UK's first sex shop for people with cancer launched by Hackney friends

Sex With Cancer has an ask section which aims to answer common questions. 

Sex with Cancer has an ask section which aims to answer common questions. - Credit: Virgiliu Andone

Hackney artists, friends and former cancer patients have launched the UK’s first online sex shop designed by and for people living with and beyond cancer.

The online shop is called Sex with Cancer and was formed by pioneering artists Brian Lobel and Joon-Lynn Goh, in partnership with Sh! Women’s Erotic Emporium.

Though co-creator Brian says Sex with Cancer is so much more than a shop, it is also an online resource which aims to answer peoples’ difficult questions and break down barriers and taboos around talking about sex and cancer.

He told the Gazette just before the site launched on October 7: “In the world of sex and cancer there's a lot of people saying how do I connect with my body that’s been so medicalised.

"How can I start to feel beautiful again and how can I start to feel handsome and strong again.


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“And some of those are confidence things and some might be them trying something out with a partner differently.

“So we are trying to holistically help on the question of sex and cancer.”

Sex With Cancer co-creators, friends and former patients Joon-Lynn Goh and Brian Lobel. 

Sex with Cancer co-creators, friends and former patients Joon-Lynn Goh and Brian Lobel. - Credit: Christa Holka

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Brian explains that the support his site offers is important, especially because psychosexual support is “really rare” with long waiting lists and doctors and nurses who are “still not great at talking about these questions”.

He added: “So often people look to the internet where of course there is a lot of information, some of it is trusted and some of which is not trusted.

“And this business, which is really an art project, which is really public advocacy campaign, which is really a business, which is really an artwork. All these things kind of go in a cycle of what we are trying to do together.”

The online shop aims to also be a resource which will help open up conversations around sex and cancer. 

The online shop aims to also be a resource which will help open up conversations around sex and cancer. - Credit: Virgiliu Andone

The online shop offers a range of products and sexual aids specifically curated to be an answer to specific sexual challenges relating to cancer.

The site also features an ask section where common questions are answered by several different professionals ranging from doctors, psychosexual therapists, cancer nurses and patient advocates.

The project has also commissioned art works which they hope will spark debate and ignite conversations about sex and cancer.

The website also features works of art specially commissioned such as the film Unexpected Pleasures. 

The website also features works of art specially commissioned such as the film Unexpected Pleasures. - Credit: Lehni Lamide Davies and Shona Hamilton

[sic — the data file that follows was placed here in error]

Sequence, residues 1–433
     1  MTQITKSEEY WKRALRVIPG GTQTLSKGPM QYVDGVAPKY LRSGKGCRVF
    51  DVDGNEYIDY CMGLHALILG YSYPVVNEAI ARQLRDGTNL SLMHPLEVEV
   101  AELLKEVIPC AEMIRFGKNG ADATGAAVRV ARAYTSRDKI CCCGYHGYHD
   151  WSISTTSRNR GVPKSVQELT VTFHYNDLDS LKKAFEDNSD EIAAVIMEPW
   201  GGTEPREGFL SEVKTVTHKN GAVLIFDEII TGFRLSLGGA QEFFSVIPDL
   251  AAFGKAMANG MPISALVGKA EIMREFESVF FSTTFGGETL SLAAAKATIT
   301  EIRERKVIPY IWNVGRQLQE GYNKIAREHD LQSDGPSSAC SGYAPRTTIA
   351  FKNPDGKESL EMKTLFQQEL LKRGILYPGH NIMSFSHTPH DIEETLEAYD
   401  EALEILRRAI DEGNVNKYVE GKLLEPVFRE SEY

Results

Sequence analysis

Brian said: “We are asking people to think about these two things that they don’t put together together.

“And then ask them why you wouldn’t put sex and cancer together.”

Brian was diagnosed with testicular cancer when he was 20. He is 40 now and has spent the past 20 years working in cancer care and patient advocacy.

It was through this work that he noticed “big gaps” in services talking to people about issues of sex, intimacy, and their bodies.

He said: “We are not just talking about just sexual function but the ability for people to engage their health care professionals in questions about their bodies, what has changed, what’s worked, what’s not working anymore and how they feel about it.”

He says feelings of propriety can often make it difficult for patients to open up: “Everyone has lied to their doctor about how much they smoke, or drink, etcetera.  

“So, people won’t often ask questions about things that we as a society are not talking about.

“We are bad at talking about cancer, we're also really bad at talking about sex and we're definitely really bad about talking about those two things together.”

Brian continued: “So we have created the project to try to allow people to understand that maybe some of their questions have an answer that you don’t have to pay for.

“Some of these questions might be something that you have to pay for.

“We’re not trying to make a bajillion pounds on this thing, were trying to answer questions and make people’s lives better and in part, trying to destroy some of the taboos around sex and cancer.”

Brian's own online performance features on the site called The Sex with Cancer Competency Certification Course. Inspired by health and training videos his work aims to help people get better at having difficult conversations. 

Co-creator of the project Joon-Lynn offers up an essay and other commissioned pieces include visual art work exploring the experiences of men with prostate cancer, a Zine by the Candid Cancer Collective which includes entries from young people living with cancer and a film about women living with cancer. 

To shop or learn more about Sex With Cancer, visit www.sexwithcancer.com/about

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